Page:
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Students share their insights about surviving a stressful and unusual VCE year in 2020 with online classes, some cancelled formals, but a new way of learning.
Name: Keirath Singh (VCE)
Subjects: English, Maths Methods, Chemistry, Economics, Biology, French
School: Haileybury College
Name: Aryan Bhatia (VCE)
Subjects: Specialist Maths, Maths Methods, Physics, Chemistry, Accounting, English
School: Melbourne High School
Name: Akul Saigal (VCE)
Subjects: English Language, Further mathematics, Mathematical Methods, Specialist mathematics, Physics, German
Awards/State Ranks: Dux of Mentone Grammar School
School: Mentone Grammar School
With your HSC/VCE/SACE now done and dusted, you’ve probably had much opportunity to look back at it all with some wisdom. What did you learn about yourself in the academic year and 2020 overall?
Keirath: This year has shown me the importance of maintaining a balanced lifestyle and making sure you have outlets outside of school to keep you occupied. Sitting behind a laptop screen all year made this especially challenging, however it forced me to focus on being organised and staying ahead of schedule.
Aryan: I’ve learnt that I am capable of achieving things I’ve never been able to do before. I am very pleased with my perfect study score in Specialist Maths and high scores in my Methods and Physics and Chemistry subjects. I have achieved this through sheer dedication, hard work, self-study and without any external tutoring. I was a bit challenged by English, to say the least but I was able to write 3 complete essays during the exam which I am very proud of.
Akul: To have such an unpredictable year coupled with the already challenging year 12 meant that I was certainly pushed and given that the stakes seem so high, the only option was to cope. And I did. I also began to understand the mental and physiological signs of burn out and stress. Even when I did not feel stressed or tired, my body would exhibit signs that told me I had to rest to regain the energy and drive to continue.
What were your expectations going into the year? How did reality (COVID) compare?
Keirath: There was a lot of hearsay about the challenges of the year. In retrospect, I do believe that the year is much less stressful than past students make it out to be. One benefit of COVID (dare I say) was the amount of extra time that I had. It decreased my study load and made the year considerably less stressful than expected.
Aryan: I had expected a normal school year, filled with regular interaction with fellow students, including social events and physical activities. COVID was a disruption, but it had positive consequences. I did not expect that I would be using my computer more than 8 hours every day for nearly two full terms or nearly giving up on all outdoor activities, but I tried to make the best of the situation. Every cloud has a silver lining- COVID ended up being a blessing in disguise as I ended up having more time on my hands to study.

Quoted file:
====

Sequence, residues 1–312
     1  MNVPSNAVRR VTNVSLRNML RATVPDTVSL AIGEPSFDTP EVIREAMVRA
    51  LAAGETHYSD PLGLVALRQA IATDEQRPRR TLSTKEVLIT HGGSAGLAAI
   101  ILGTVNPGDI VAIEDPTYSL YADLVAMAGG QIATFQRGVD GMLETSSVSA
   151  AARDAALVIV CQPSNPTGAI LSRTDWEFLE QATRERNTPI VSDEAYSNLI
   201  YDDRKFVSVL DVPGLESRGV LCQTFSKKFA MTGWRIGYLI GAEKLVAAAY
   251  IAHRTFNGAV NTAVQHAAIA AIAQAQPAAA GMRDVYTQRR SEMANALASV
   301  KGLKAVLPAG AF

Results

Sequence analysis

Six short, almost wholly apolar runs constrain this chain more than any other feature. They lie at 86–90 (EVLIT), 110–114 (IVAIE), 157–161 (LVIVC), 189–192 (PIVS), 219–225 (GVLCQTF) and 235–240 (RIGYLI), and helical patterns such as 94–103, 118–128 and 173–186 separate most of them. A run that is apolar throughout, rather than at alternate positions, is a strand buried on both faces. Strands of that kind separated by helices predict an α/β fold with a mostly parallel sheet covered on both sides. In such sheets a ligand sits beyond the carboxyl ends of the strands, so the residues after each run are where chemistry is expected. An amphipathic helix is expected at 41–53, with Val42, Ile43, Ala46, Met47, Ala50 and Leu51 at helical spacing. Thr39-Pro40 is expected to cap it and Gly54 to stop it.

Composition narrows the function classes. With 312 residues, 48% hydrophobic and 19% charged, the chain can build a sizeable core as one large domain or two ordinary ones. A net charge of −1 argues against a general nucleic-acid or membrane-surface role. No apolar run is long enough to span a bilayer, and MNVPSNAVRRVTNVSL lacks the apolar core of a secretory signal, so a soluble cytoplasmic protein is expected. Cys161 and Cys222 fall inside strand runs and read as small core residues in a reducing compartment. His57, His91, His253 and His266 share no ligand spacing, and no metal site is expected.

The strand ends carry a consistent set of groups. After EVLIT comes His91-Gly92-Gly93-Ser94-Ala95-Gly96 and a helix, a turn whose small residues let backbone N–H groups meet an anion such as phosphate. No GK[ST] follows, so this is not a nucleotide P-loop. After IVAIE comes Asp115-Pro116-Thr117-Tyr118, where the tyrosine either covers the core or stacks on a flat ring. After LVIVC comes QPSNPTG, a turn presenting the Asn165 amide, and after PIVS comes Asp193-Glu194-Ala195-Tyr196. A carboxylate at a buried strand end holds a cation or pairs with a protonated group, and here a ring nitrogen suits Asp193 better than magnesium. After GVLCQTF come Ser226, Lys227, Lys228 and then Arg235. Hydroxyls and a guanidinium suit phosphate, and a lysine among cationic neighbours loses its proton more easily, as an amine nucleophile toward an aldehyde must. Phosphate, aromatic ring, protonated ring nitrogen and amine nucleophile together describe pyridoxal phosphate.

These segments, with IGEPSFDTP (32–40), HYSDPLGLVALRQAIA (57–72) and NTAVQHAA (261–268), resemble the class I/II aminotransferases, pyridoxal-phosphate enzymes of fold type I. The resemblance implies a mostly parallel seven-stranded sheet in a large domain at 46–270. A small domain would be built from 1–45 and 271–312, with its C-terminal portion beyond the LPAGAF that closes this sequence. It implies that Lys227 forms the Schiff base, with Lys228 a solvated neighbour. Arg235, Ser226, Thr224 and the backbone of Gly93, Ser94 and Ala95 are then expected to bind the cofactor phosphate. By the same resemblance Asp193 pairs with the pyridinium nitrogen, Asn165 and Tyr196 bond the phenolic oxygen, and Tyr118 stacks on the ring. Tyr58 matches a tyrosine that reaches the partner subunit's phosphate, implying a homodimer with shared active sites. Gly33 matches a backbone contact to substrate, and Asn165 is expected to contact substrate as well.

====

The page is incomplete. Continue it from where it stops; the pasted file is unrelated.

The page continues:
Akul: Coming into year 12, I felt anxious. Even having done a ¾ subject in year 11, I was still unsure about what the year would entail. Setting such a high standard for myself didn’t help. But once I opened the booklet and my pen hit paper, all of that uneasiness melted away. As the year went on, I began to realise that in the end, it really is just a number. A number that in no way defines you.
What was your initial response to online classes, and how did you make them work for your learning style?
Keirath: Initially I found it very difficult to adjust to this new way of learning. I was forced to be more independent which contrasted the past 12 years of schooling. Making sure that I spent enough time away from my screen each day considerably helped me to adapt to online learning.
Aryan: The concept of online classes was both scary and exciting. I believe online classes are effective as long as students remains motivated to study for themselves. Computers have a host of tempting video games, so it’s admittedly easier said than done. But after a month, I managed to get into a routine and focus more on my studies. Having used my time more efficiently, I was able to be productive.
Akul: I was certainly not chuffed, but my school did handle it very well. I did force myself to leave my desk as often as I could and exercise most mornings – in fact, I felt more fit and regimental during iso than I had been before, which was something I was not expecting.
What was your studying technique?
Keirath: I wouldn’t say that I had a studying technique per se because online learning was so new to me. I would recommend future students create a study timetable and try to stick to it as much as they can.
Aryan: I managed to remain motivated by setting reasonable goals that I would finish by the end of the day, such as an essay per day. For maths, I mostly did questions from the textbook. Often students contacted me with math problems they found challenging, that I could solve. It was a bit of a win-win situation: I got to solve the most challenging problems while they got help with the solution. By the end of the year, I would do practice exams on a regular basis, correct my exam responses, and look for common mistakes. This also allowed me to get familiar with the exam content and structure.